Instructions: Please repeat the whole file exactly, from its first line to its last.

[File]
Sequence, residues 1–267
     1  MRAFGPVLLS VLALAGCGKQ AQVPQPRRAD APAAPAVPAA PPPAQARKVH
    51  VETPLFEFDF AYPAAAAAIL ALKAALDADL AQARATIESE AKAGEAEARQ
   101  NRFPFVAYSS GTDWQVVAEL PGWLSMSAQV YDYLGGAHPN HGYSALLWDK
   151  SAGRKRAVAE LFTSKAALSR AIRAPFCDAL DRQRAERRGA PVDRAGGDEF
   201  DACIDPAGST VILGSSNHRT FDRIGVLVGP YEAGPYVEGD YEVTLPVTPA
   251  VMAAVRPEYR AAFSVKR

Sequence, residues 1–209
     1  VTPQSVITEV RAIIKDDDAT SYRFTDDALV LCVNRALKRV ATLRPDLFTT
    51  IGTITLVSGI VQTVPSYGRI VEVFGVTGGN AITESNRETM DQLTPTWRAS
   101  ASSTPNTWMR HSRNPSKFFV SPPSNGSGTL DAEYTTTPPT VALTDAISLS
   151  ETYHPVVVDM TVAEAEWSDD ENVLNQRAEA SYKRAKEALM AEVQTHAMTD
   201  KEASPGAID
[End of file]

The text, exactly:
Sequence, residues 1–267
     1  MRAFGPVLLS VLALAGCGKQ AQVPQPRRAD APAAPAVPAA PPPAQARKVH
    51  VETPLFEFDF AYPAAAAAIL ALKAALDADL AQARATIESE AKAGEAEARQ
   101  NRFPFVAYSS GTDWQVVAEL PGWLSMSAQV YDYLGGAHPN HGYSALLWDK
   151  SAGRKRAVAE LFTSKAALSR AIRAPFCDAL DRQRAERRGA PVDRAGGDEF
   201  DACIDPAGST VILGSSNHRT FDRIGVLVGP YEAGPYVEGD YEVTLPVTPA
   251  VMAAVRPEYR AAFSVKR

Sequence, residues 1–209
     1  VTPQSVITEV RAIIKDDDAT SYRFTDDALV LCVNRALKRV ATLRPDLFTT
    51  IGTITLVSGI VQTVPSYGRI VEVFGVTGGN AITESNRETM DQLTPTWRAS
   101  ASSTPNTWMR HSRNPSKFFV SPPSNGSGTL DAEYTTTPPT VALTDAISLS
   151  ETYHPVVVDM TVAEAEWSDD ENVLNQRAEA SYKRAKEALM AEVQTHAMTD
   201  KEASPGAID